Love it or hate it, every website and app owner wants to be a part of the flat design movement. With the hotly anticipated iOS 7 release coming this week you can be sure that the demand from clients for flat design will be more common.
Don’t get us wrong, we love flat design, but we also love a whole range of other design styles (illustrative, typographic, retro, dark, colourful and corporate to name just a few). Design trends come and go and whilst a flat design may look great for a time, applying it to your project for the sake of it may mean that it ends up looking like every other ‘cool website’ out there. It’s important to realise that flat is just that – a trend.
Make sure to use it in the right context not because you want too, the latest trend is not necessarily going to suit your next design project. Think about the project in-hand and come up with a style that suits – of course it should look new and up-to-date (that’s a given) but ‘trendy’ isn’t always how a company needs to be perceived. Take our latest project as an example – yes it’s predominantly flat but at the same time it’s gritty and edgy. Is it ‘trendy’? Probably not. But it has been designed to appeal to the target market, not designed to follow the latest trend.
Try mixing it up if you want to use flat elements in your design, don’t be afraid to introduce other styles too. Apple may of ditched it’s heavy use of skeuomorphism but if you take a closer look at the new iOS7 it’s still there subtly. For example the use of shadows are used to lift windows and buttons to give a visual hint that they can be moved, pressed or interacted with. Not everything has to look lifelike (users are cleverer than that), but design that echoes some sort of physical real-world objects still remains effective. By adding subtle shadows either blurred or hard edged to lift interactive elements off of the screen will help users identify these from other flat elements.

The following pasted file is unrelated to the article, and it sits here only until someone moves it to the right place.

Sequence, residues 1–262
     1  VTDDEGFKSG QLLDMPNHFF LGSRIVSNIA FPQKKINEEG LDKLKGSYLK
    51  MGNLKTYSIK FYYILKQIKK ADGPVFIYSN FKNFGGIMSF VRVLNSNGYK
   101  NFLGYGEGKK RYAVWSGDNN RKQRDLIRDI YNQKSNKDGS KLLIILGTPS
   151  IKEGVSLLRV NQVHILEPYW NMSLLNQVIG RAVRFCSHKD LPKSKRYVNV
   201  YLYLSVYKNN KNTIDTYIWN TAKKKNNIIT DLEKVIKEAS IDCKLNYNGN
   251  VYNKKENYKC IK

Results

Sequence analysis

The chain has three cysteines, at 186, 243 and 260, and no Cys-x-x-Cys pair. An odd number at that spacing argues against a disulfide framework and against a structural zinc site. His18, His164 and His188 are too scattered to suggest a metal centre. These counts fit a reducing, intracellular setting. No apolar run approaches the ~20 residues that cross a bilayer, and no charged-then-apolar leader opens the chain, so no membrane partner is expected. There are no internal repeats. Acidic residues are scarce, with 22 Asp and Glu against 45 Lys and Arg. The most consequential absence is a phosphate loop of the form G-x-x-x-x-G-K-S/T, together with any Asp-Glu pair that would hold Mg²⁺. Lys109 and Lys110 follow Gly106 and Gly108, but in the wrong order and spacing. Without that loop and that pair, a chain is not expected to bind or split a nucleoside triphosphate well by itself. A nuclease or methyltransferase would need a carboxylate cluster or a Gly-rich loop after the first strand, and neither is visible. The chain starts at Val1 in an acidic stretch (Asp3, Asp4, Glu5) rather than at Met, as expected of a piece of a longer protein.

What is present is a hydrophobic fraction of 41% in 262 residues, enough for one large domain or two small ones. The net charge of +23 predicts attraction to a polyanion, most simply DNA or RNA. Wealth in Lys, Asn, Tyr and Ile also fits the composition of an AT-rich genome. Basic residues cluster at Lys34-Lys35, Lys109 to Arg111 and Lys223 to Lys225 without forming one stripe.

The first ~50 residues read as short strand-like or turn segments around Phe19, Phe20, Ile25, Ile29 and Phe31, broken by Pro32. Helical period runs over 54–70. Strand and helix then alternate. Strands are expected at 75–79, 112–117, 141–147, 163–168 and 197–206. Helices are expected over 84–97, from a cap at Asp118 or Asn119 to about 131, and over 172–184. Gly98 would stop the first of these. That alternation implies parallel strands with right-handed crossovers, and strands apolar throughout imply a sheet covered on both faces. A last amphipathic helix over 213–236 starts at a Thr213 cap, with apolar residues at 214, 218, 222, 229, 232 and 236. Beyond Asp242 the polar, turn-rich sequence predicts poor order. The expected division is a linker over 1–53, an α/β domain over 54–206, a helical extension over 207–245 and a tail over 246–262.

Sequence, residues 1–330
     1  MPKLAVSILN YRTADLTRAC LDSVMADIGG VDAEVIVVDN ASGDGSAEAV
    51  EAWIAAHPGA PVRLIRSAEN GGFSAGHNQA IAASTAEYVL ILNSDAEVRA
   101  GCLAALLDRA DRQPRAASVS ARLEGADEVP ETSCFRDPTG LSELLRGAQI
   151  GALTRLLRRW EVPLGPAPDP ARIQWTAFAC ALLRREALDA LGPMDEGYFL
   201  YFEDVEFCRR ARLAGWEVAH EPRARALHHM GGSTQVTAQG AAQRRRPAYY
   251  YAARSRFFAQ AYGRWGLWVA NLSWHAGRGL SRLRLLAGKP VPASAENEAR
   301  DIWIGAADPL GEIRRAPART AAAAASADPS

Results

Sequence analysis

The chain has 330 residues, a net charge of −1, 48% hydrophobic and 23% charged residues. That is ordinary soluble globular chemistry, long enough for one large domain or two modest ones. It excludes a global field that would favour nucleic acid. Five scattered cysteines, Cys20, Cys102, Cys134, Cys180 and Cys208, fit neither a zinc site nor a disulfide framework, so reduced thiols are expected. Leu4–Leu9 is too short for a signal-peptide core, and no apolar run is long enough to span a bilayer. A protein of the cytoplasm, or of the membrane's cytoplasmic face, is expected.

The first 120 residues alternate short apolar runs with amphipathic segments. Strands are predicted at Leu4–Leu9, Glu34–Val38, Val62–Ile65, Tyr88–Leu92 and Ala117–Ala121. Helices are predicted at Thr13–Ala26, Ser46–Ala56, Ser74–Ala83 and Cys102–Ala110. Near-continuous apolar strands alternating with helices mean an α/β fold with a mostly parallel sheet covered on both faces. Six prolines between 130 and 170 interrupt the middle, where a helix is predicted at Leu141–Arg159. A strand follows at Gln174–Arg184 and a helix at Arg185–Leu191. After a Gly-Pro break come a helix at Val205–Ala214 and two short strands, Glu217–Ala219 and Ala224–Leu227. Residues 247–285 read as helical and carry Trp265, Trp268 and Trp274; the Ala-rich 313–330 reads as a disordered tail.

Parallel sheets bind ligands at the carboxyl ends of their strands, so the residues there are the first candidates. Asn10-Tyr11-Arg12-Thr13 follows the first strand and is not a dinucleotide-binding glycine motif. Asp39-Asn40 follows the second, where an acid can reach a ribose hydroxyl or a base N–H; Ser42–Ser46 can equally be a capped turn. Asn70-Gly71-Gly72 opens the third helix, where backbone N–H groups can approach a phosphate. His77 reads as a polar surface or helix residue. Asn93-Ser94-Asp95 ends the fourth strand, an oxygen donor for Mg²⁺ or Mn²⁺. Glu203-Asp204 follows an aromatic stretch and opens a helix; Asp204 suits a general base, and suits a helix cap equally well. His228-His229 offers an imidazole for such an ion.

The launch of iO7 has done a great job in educating website and app owners. No longer are we getting asked for more gradients, 3D effects and that dreaded and dated ‘Web 2.0’ approach – they want ‘flat’. By starting out flat it leaves us a great canvas that we can build on.
Think back, try evolving older trends and mix them with modern styles, you’ll soon find that your designs have a fresh feel but they’ll also start to look different to anything else out there.
Here are some great examples of flat design with a twist, they might not be to everyone’s taste but they have been designed for the end user not to follow a trend.
Brooklyn Soap Company
Where flat meets gritty, illustrative and grungy.
Simple layout, bold photography with subtle skeuomorphic elements enhancing calls to action.
Dodge & Burn
Not typical of the new flat design style. An elegant and well considered design using crisp typography, subtle graphics and beautiful imagery.
Introducing photographic elements to work in harmony with the flat interface creates a unique look.